For a few weeks in July, groups of people can be found wandering English woods carrying strange produce - including rotting fish, Stinking Bishop cheese and dirty nappies. They're out to bait the Purple Emperor, one of Britain's most elusive butterflies, whose beauty disguises some filthy feeding habits.
You never forget your first time, says butterfly enthusiast Neil Hulme.
"My dad and I were walking through the woods, and we came across a woman in her 30s wearing stars-and-stripes trousers, bent over. Some men in tweed with cameras and long lenses were photographing her from behind."
He moved closer and realised they were taking pictures of a Purple Emperor butterfly that had landed on her bottom.
Hulme was transfixed by the creature - especially when it fluttered up and landed on his collar.
"The butterfly paparazzi moved in and surrounded me," he recalls. "In blind optimism I held out my hand as a falconer might, and it landed on my finger. It was such an amazing experience. I was hooked."
So began a decades-long love affair, which has seen him devote almost every second of every summer to the pursuit of this mysterious butterfly. Now is the key time of year - by the end of July, all of the Purple Emperors will be dead.
Hulme's purple passion runs so deep, he gave his daughter the middle name Iris after its Latin name, Apatura iris.
The Purple Emperor is rare among butterflies. It avoids flowers, preferring rotting animal corpses, faeces, mud puddles - and even human sweat.
It dwells high in the tree tops in the domain of birds. The males, who boast the deep purple iridescence, spend their brief lives "drunk on oak sap, brawling in mid-air battles and chasing down virgin females", says Hulme.
"It's a violent thug. It attacks anything that comes into its airspace - it even tries to chase big birds like buzzards. It has filthy table manners."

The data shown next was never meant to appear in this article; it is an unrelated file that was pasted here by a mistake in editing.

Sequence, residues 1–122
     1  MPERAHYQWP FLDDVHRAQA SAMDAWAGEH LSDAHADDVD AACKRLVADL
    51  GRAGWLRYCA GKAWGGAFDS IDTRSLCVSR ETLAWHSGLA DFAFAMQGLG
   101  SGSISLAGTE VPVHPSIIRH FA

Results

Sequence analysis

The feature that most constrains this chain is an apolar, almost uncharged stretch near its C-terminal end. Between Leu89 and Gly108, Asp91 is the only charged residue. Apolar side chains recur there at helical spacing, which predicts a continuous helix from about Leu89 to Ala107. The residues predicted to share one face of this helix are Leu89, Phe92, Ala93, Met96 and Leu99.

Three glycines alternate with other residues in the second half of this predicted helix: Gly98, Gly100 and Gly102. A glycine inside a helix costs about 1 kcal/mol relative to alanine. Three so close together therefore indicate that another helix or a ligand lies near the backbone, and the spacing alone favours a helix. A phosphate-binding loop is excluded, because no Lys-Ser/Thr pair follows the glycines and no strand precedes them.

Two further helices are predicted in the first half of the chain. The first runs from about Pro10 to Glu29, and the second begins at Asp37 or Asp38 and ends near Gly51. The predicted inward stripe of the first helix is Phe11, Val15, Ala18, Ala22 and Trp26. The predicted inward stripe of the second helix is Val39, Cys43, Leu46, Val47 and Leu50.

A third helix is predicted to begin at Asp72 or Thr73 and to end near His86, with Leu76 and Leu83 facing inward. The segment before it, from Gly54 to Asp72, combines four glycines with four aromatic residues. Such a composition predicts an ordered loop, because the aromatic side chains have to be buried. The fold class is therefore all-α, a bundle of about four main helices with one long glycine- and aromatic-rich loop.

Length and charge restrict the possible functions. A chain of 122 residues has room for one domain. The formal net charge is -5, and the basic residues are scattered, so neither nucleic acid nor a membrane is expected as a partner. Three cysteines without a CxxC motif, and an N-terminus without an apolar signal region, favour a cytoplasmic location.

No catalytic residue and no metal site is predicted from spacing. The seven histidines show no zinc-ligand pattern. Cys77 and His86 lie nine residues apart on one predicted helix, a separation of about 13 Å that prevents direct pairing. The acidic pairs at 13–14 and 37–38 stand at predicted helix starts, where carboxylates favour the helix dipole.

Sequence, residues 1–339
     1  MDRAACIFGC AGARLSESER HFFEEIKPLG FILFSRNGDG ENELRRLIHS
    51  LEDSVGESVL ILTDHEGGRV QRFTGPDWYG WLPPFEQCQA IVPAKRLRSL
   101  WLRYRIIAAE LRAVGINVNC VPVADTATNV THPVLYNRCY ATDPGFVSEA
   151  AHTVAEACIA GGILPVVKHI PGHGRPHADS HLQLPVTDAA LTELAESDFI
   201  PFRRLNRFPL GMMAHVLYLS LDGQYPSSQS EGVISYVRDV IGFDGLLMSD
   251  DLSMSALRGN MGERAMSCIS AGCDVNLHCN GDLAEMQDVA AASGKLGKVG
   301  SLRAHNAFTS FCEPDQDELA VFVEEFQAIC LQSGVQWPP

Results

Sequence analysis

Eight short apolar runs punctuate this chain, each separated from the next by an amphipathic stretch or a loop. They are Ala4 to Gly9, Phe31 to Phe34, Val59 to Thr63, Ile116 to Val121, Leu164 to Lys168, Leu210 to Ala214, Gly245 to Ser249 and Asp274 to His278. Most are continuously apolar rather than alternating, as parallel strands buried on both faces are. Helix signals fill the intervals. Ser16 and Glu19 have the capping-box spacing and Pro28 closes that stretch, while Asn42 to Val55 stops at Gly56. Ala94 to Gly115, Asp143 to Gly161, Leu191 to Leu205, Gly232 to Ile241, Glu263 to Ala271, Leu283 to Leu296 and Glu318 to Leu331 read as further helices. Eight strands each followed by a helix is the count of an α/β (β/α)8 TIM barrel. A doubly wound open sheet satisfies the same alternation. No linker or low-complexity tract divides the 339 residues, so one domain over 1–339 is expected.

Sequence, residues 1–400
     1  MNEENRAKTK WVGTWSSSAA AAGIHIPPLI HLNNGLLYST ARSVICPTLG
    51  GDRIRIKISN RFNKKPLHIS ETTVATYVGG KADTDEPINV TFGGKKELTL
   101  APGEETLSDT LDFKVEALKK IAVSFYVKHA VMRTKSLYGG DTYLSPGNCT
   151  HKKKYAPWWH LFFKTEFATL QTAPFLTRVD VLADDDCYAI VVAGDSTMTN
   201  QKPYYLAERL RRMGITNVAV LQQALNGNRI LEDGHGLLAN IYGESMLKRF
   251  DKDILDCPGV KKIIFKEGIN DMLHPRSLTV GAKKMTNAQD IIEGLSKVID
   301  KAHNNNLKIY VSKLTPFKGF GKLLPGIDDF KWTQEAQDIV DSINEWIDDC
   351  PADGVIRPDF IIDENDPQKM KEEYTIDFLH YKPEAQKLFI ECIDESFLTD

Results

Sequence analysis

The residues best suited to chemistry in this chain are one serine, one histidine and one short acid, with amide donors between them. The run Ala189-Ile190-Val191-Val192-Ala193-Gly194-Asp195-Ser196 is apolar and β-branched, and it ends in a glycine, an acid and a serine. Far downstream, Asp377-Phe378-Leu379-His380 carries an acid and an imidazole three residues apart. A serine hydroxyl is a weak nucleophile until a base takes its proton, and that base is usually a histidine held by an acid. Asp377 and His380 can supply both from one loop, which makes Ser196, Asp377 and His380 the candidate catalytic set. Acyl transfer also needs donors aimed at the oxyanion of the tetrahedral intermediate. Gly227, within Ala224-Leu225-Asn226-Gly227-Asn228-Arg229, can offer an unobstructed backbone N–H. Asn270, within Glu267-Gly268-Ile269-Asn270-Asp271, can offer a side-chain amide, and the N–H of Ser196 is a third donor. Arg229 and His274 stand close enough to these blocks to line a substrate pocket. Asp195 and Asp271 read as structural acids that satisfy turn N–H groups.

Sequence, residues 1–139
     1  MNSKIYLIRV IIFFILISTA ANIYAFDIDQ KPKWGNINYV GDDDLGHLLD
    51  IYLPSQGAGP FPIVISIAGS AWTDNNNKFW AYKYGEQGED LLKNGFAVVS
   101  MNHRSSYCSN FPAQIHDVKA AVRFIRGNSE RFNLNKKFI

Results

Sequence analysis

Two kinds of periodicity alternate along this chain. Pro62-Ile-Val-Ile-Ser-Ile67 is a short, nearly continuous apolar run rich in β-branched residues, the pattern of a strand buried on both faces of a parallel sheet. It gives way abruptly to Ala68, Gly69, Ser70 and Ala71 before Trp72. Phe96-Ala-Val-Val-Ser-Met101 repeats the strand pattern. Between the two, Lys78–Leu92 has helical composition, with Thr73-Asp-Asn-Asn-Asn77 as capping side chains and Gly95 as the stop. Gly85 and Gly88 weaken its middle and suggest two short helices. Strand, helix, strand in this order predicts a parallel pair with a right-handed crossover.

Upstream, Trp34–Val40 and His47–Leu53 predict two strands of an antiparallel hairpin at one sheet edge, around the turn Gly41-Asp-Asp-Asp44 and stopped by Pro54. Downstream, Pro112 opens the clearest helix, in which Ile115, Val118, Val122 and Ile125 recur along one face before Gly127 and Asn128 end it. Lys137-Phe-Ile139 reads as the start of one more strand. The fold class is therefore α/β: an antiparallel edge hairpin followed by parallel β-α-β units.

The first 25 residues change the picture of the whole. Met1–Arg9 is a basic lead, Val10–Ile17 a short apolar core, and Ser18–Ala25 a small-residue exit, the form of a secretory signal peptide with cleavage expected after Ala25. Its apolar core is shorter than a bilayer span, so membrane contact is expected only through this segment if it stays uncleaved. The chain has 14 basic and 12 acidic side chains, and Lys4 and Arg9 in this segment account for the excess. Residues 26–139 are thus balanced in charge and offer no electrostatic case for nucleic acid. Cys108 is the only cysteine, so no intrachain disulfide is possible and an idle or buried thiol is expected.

The strange behaviour of "His Majesty" - as the Emperor is affectionately known - inspires equally unusual behaviour in people.
At Knepp Castle estate in West Sussex, people carrying huge cameras and binoculars can be seen dotted across the landscape.
Trotting down one woodland path is 71-year-old Hazel Land, a dainty woman in a large straw hat and sunglasses. She's travelled some four hours from Devon in search of the Purple Emperor.
From her pocket she produces a lump of ripe Stinking Bishop cheese, lightly wrapped in cling film. "It really smells - want a whiff?" she offers. "It's my bait. I swear by it. And you can always have some for lunch."
She admits the Emperors seem to be off cheese that morning - but she passes on some intelligence about a female spotted on a bramble bush not far away.
Hulme, who now works for the charity Butterfly Conservation, has brought his own secret recipe - a foul-smelling Indonesian shrimp paste called Belachan, which he mixes with hot water and spreads on woodland paths. Sometimes he adds pickled mudfish.
People try "all sorts of ridiculous things" to bait Purple Emperors to the ground for a much coveted shot of its resplendent wings, he says. That includes roadkill, dog poo, rotting fish and even babies' nappies. It's thought the butterflies are attracted to the salts and minerals.
"My friend Matthew once hoisted a 15lb (7kg) salmon into the top of a tree," says Hulme.
"Urine-soaked fox scat [dung] is one of the most attractive baits there is to the Purple Emperor. I know of people who go out first thing and scoop them into a bucket.
"And there's a very good fish paste called Shito from Ghana - although I haven't managed to get hold of that for a couple of years now."
In Bentley Wood, Hampshire, people traditionally hang rotten banana skins - although Hulme is dubious about their effectiveness.
One clergyman, the Reverend Prebendary John Woolmer, who has a letter on the state of the Purple Emperor published annually in the Times, even calls on the power of prayer.